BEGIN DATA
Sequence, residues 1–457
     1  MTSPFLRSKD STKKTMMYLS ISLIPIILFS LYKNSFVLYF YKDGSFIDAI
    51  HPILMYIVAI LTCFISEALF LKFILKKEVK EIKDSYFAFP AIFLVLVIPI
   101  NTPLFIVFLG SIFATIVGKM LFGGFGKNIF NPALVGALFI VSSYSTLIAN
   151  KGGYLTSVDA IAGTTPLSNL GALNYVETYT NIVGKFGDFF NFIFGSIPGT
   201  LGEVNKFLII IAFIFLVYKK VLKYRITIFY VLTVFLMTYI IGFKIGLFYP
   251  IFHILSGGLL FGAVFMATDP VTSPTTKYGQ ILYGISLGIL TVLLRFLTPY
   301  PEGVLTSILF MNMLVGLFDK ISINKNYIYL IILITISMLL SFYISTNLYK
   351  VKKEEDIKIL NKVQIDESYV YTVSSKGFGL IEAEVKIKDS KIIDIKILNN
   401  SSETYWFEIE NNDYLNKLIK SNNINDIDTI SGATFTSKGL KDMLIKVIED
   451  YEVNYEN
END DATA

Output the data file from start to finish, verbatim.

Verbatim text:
Sequence, residues 1–457
     1  MTSPFLRSKD STKKTMMYLS ISLIPIILFS LYKNSFVLYF YKDGSFIDAI
    51  HPILMYIVAI LTCFISEALF LKFILKKEVK EIKDSYFAFP AIFLVLVIPI
   101  NTPLFIVFLG SIFATIVGKM LFGGFGKNIF NPALVGALFI VSSYSTLIAN
   151  KGGYLTSVDA IAGTTPLSNL GALNYVETYT NIVGKFGDFF NFIFGSIPGT
   201  LGEVNKFLII IAFIFLVYKK VLKYRITIFY VLTVFLMTYI IGFKIGLFYP
   251  IFHILSGGLL FGAVFMATDP VTSPTTKYGQ ILYGISLGIL TVLLRFLTPY
   301  PEGVLTSILF MNMLVGLFDK ISINKNYIYL IILITISMLL SFYISTNLYK
   351  VKKEEDIKIL NKVQIDESYV YTVSSKGFGL IEAEVKIKDS KIIDIKILNN
   401  SSETYWFEIE NNDYLNKLIK SNNINDIDTI SGATFTSKGL KDMLIKVIED
   451  YEVNYEN